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Germany joins G7 talks on potential security guarantees for Ukraine

by The Kyiv Independent news desk November 17, 2023 11:00 PM 2 min read
Ihor Zhovkva, the deputy head of the President's Office, during the first round of bilateral negotiations with Germany over security guarantees for Ukraine on Nov. 17. (President's Office)
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Ukraine and Germany on Nov. 17 began bilateral negotiations on potential security guarantees as presented during the NATO summit in Vilnius in July, the President's Office reported.

"Without Germany, it is impossible to imagine the effectiveness of security guarantees, as well as the future membership of Ukraine in the Euro-Atlantic community," Ihor Zhovkva, the President's Office deputy head leading the Ukrainian negotiation team, said.

The teams exchanged approaches to future bilateral security guarantees and agreed on a plan for further actions, according to the President's Office.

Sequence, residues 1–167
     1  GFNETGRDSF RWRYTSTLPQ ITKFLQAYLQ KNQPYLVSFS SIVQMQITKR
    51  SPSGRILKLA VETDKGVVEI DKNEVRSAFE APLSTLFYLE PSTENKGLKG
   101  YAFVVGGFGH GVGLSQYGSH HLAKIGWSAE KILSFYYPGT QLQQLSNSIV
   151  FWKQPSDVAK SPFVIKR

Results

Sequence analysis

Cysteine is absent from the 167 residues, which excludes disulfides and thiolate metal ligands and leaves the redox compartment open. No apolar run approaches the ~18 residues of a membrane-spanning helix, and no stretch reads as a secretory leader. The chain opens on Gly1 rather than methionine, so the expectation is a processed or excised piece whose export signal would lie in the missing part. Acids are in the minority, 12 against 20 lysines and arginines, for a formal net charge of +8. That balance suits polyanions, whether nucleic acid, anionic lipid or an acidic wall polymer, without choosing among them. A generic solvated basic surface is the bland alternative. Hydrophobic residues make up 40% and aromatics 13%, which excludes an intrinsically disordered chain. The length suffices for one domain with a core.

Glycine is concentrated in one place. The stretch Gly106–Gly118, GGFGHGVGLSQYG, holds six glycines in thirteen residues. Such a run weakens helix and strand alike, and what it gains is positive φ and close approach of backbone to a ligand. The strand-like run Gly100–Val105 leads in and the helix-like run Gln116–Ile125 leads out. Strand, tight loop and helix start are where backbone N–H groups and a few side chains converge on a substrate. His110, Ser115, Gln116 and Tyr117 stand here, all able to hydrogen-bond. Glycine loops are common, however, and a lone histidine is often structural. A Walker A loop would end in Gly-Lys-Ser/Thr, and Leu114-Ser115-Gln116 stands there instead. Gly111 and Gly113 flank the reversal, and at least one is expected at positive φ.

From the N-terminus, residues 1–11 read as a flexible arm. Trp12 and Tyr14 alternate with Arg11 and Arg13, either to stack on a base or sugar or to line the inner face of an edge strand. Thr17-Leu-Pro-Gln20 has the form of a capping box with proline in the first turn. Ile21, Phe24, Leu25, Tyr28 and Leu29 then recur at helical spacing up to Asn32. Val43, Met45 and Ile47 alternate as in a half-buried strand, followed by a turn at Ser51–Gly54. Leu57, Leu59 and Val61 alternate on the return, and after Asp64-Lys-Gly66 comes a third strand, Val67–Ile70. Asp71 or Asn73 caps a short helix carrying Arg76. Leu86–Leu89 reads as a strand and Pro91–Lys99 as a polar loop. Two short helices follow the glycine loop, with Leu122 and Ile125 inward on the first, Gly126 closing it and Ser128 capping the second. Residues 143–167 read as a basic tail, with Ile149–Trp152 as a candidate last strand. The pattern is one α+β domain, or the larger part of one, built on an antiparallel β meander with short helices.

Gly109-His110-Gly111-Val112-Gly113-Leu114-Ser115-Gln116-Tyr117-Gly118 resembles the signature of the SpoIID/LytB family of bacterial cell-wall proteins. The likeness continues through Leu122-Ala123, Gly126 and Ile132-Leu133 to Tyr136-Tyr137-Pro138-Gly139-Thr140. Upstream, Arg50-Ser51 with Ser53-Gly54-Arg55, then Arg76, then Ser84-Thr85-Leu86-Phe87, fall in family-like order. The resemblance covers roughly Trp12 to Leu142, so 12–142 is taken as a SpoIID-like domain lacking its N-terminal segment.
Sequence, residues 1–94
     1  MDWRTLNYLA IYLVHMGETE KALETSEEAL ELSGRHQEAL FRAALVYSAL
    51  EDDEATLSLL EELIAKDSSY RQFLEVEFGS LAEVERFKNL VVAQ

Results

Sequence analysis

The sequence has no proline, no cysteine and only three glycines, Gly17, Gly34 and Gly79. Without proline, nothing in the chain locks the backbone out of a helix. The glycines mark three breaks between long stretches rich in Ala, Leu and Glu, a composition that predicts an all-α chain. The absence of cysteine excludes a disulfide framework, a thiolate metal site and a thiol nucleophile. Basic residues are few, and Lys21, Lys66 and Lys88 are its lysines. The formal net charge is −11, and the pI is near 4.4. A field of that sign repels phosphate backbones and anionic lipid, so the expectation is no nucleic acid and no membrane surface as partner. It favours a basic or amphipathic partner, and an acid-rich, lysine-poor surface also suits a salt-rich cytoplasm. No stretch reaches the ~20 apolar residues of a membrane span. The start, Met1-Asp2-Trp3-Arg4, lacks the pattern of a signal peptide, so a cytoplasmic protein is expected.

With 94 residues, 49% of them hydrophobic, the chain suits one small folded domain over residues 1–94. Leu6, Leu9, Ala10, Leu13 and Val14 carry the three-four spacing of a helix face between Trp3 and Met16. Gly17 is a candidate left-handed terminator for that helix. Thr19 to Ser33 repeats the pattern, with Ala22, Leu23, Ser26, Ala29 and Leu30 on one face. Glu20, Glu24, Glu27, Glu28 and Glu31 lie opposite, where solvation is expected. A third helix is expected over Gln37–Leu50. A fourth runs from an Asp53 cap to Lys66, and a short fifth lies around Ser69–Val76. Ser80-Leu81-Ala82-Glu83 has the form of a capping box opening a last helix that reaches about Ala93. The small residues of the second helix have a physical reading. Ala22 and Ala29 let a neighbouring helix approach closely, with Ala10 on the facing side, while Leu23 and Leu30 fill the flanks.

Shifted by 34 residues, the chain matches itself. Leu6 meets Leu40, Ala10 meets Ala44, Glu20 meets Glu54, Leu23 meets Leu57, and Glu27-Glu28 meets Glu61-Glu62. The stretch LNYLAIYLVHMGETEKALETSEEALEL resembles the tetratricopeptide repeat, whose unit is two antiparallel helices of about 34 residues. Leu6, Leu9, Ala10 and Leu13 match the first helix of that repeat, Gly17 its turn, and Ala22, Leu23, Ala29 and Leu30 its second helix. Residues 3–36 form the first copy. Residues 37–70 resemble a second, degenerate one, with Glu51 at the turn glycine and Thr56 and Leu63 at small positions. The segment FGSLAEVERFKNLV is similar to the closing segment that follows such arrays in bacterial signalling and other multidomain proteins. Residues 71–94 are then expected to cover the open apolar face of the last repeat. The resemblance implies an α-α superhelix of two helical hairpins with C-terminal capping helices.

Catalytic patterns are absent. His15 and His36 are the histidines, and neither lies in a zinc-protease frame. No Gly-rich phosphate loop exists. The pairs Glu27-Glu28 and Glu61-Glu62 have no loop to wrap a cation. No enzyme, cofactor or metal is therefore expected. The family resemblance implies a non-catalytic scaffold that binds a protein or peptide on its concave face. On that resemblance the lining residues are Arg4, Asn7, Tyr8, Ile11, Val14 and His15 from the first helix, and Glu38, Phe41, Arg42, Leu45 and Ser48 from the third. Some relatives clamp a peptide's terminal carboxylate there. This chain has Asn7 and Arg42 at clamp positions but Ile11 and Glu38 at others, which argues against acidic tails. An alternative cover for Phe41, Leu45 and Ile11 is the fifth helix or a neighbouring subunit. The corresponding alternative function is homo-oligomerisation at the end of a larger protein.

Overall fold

Germany is the latest to join other Group of Seven (G7) members in the bilateral security guarantees discussion, including the U.K., the U.S., Japan, France and Canada.

The Group of Seven (G7) members presented their long-term security commitments for Ukraine at the NATO summit in Vilnius in early July.

Under this plan, individual countries would provide bilateral support to help Kyiv repel the ongoing Russian invasion and deter any future aggression.

The security guarantees would entail explicit and long-lasting obligations, as well as bolster Ukraine's ability to resist Russian aggression. The guarantees would also cover sanctions, financial aid, and post-war reconstruction.

Ukraine has said that the best security guarantee for it would be to become a full-fledged NATO member after Russia's war ends.

The French Foreign Ministry released a statement in late May that NATO allies were contemplating an Israeli-style security agreement for Ukraine.

However, allies reportedly remain divided on Ukraine's NATO accession.

Politico reported on June 8 that Western officials remain divided on providing security guarantees for Ukraine, questioning whether it is worthwhile when Ukraine is not yet a member of the military alliance.

Other NATO members, like Poland and Lithuania, favor offering a clear membership pathway to Ukraine.

Does Ukraine need NATO or does NATO need Ukraine?
Throughout Russia’s brutal war, Ukraine has actively sought assurances from NATO regarding its future membership in the Alliance. Why does Ukraine aspire to be a part of NATO? What are the prospects for this accession, and how might NATO also benefit from it?
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